Troost Avenue: A great divide decreasing

Theresa Gengler, Staff Writer

Rockhurst students, whether from Kansas City or elsewhere, have likely noticed the “great divide” running alongside the urban campus.

Troost Avenue is notorious for delineating the “rough part of town” of east Kansas City, a north-south marker that practically separates one side of the city from the other. As Shannon McAuliffe, ’18, said, “[Troost] is a dividing line.”

But for McAuliffe and many other Rockhurst students, living here has “opened their eyes to the east” part of Kansas City. In a way, Rockhurst provides a space of convergence for both sides of Troost, and students are aware of this.

The complicated history behind Troost Avenue continues to affect residents and visitors to the area. One resident, who has lived in the neighborhood since the 1920s, recalled the changes over the decades saying, “people were friendlier.” You knew all your neighbors, she added, it did not matter what color of skin they had. The 49/63 neighborhood — extending from 49th Street to 63rd Street — welcomed people of any demographic, unlike nearly every other neighborhood along the Troost line.

The origin of this separation can be traced back to two Kansas City men from the beginning to mid-20th century, J.C. Nichols and Bob Wood. Tanner Colby’s 2012 book “Some of My Best Friends Are Black” explores some of the reasons why Kansas City fell victim to such a racial divide.

Nichols, who Colby called arguably one of the most influential real estate developers in the United States, encapsulated the “American dream” for families. He did so by creating suburban developments that allowed for home personalization and a safe place for white families to raise their families. This created a real estate mantra that relocated white families into the suburbs, and marginalized black families away from his preferred clientele.

Wood, conversely, utilized scare tactics to drive white families into selling their properties for ridiculously low prices for fear of racial integration within the neighborhoods. The real estate agent, or “hustler” as Colby describes him, then turned around and sold these properties to black families at a great profit.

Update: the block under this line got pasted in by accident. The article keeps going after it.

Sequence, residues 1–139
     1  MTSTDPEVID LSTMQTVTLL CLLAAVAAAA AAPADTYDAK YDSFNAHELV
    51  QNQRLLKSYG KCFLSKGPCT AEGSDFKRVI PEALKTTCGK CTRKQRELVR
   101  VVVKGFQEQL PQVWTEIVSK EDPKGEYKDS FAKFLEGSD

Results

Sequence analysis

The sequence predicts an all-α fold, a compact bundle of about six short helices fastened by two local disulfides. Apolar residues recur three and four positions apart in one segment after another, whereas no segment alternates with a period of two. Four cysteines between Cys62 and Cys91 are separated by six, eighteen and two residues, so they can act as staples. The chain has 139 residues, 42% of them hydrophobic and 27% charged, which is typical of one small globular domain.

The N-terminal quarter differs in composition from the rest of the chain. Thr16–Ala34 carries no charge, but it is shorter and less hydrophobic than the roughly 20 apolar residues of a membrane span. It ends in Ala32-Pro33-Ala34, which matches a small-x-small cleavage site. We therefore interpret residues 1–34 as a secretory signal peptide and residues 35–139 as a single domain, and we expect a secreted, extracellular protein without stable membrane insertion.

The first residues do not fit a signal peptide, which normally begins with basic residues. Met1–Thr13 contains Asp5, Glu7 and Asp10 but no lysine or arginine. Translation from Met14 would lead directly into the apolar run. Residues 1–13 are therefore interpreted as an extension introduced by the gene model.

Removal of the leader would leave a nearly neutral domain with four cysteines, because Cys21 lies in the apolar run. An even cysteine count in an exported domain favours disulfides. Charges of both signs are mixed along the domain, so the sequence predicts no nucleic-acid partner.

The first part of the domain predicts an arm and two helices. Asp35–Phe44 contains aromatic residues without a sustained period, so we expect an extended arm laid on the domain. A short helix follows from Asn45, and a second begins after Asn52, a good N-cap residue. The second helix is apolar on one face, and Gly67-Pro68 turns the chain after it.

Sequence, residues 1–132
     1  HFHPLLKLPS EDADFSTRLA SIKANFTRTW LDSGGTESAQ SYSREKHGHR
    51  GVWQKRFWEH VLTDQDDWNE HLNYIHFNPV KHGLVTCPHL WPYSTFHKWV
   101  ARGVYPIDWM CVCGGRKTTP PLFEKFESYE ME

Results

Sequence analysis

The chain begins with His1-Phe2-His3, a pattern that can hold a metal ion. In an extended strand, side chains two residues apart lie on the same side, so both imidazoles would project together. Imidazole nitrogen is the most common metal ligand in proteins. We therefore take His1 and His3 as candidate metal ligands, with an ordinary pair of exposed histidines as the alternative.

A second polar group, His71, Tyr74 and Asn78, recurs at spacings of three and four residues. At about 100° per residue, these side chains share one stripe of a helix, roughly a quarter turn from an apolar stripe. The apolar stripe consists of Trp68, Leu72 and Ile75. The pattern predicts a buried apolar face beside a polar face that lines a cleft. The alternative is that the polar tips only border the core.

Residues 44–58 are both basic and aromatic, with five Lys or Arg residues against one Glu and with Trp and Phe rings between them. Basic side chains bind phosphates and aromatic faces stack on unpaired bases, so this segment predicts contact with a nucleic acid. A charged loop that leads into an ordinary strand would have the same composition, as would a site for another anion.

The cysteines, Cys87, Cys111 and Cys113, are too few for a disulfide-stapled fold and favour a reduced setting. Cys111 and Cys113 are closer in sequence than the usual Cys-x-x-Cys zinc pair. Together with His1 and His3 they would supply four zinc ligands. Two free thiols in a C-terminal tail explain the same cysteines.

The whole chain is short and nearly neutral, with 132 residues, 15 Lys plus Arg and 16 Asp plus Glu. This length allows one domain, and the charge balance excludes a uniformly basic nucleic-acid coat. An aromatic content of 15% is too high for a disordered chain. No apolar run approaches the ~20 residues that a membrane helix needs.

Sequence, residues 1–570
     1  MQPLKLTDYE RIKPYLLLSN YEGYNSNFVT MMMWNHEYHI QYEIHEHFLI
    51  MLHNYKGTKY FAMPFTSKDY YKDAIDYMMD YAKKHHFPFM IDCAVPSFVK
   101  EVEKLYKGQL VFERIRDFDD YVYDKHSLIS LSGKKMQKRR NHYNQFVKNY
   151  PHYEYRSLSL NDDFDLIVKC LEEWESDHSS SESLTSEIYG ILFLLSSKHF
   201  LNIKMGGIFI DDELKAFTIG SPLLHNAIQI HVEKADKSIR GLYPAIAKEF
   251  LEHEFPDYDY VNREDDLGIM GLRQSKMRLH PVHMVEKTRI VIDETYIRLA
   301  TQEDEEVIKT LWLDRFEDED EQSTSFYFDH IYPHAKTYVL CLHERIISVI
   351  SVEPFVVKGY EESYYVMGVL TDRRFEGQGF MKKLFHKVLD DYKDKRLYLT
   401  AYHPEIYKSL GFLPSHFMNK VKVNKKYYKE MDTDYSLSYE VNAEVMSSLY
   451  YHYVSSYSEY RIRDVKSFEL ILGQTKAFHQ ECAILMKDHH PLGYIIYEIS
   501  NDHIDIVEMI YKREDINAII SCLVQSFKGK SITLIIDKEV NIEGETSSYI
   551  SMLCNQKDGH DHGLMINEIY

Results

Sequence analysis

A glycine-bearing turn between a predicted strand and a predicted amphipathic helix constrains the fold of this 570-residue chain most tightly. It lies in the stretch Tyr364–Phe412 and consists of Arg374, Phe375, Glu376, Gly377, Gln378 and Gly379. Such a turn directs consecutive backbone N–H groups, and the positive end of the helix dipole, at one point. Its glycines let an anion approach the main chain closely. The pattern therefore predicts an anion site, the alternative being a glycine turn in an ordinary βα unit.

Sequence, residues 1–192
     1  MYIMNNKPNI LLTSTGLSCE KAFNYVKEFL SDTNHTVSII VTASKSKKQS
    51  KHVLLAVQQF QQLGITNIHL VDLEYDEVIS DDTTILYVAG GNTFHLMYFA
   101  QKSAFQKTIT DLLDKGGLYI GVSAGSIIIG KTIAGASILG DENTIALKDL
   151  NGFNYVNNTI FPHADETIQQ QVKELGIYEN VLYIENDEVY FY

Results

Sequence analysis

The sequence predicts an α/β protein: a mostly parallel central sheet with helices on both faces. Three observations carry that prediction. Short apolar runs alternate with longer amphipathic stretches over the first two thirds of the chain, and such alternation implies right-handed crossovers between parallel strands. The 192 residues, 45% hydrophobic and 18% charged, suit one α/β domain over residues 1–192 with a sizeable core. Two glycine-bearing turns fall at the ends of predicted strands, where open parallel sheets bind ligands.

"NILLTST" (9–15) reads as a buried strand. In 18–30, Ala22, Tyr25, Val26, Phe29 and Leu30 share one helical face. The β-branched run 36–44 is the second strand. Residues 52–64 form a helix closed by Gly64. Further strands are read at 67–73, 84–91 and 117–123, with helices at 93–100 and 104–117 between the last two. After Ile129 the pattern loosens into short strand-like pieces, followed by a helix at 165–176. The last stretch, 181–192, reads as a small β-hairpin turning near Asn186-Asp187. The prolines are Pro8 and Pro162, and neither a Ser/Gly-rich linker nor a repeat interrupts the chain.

The black families moving into predominantly white neighborhoods gave fuel for Wood to continue scaring the white families out of the neighborhoods. This scare tactic is called “blockbusting” — quite literally breaking up the neighborhoods, block by block. Colby emphasizes how the tactic was utilized from the 1950s through the 1970s.

As part of the Troost community, Rockhurst has aimed to embody inclusion and strives for diversity through its recent campus climate study, which spurred this response from the university: “Embarking on this campus-wide assessment is further evidence of Rockhurst’s commitment to ensuring that all members of the community live in an environment that nurtures a culture of inclusiveness and respect.”

Being an active part of the neighborhood is an important element for this effort.

Additionally, as stated in the university’s website, “Rockhurst University recognizes that diversity enriches all aspects of university life and is committed to providing opportunities for engaging interactions among diverse individuals, understanding that these interactions allow people to identify commonalities, appreciate differences, and find greater unity.”

With future endeavors Rockhurst has planned, including around the campus climate study, the success of these efforts will become more apparent as the social, economic and racial divides become more blurred along Troost Avenue.

This story was originally written in the spring semester of 2018.

Update: There are other establishments and entities in Kansas City that are helping the Avenue thrive.


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